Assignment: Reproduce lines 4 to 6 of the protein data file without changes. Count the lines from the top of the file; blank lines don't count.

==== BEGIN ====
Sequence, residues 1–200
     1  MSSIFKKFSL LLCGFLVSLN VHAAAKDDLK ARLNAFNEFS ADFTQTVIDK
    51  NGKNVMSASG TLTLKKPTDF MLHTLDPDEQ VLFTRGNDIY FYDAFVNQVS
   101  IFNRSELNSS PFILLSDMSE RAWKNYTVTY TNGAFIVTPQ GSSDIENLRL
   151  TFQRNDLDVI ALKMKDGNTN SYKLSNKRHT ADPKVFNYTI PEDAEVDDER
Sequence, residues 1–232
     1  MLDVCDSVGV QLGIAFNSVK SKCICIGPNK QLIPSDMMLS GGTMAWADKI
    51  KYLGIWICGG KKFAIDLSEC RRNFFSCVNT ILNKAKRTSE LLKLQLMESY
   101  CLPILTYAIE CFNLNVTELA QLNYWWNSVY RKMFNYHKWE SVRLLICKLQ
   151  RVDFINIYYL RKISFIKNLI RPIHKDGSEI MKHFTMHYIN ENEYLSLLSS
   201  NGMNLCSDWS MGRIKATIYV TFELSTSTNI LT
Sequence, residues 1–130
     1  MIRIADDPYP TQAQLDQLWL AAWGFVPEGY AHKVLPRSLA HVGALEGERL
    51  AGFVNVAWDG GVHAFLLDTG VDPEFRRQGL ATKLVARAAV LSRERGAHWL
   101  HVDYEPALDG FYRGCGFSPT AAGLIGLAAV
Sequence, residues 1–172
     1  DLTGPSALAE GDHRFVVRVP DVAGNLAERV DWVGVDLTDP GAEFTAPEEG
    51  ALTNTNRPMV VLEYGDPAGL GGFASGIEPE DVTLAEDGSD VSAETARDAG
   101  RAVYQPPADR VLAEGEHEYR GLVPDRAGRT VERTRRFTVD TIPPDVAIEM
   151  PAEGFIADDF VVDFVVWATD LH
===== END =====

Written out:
   101  IFNRSELNSS PFILLSDMSE RAWKNYTVTY TNGAFIVTPQ GSSDIENLRL
   151  TFQRNDLDVI ALKMKDGNTN SYKLSNKRHT ADPKVFNYTI PEDAEVDDER
Sequence, residues 1–232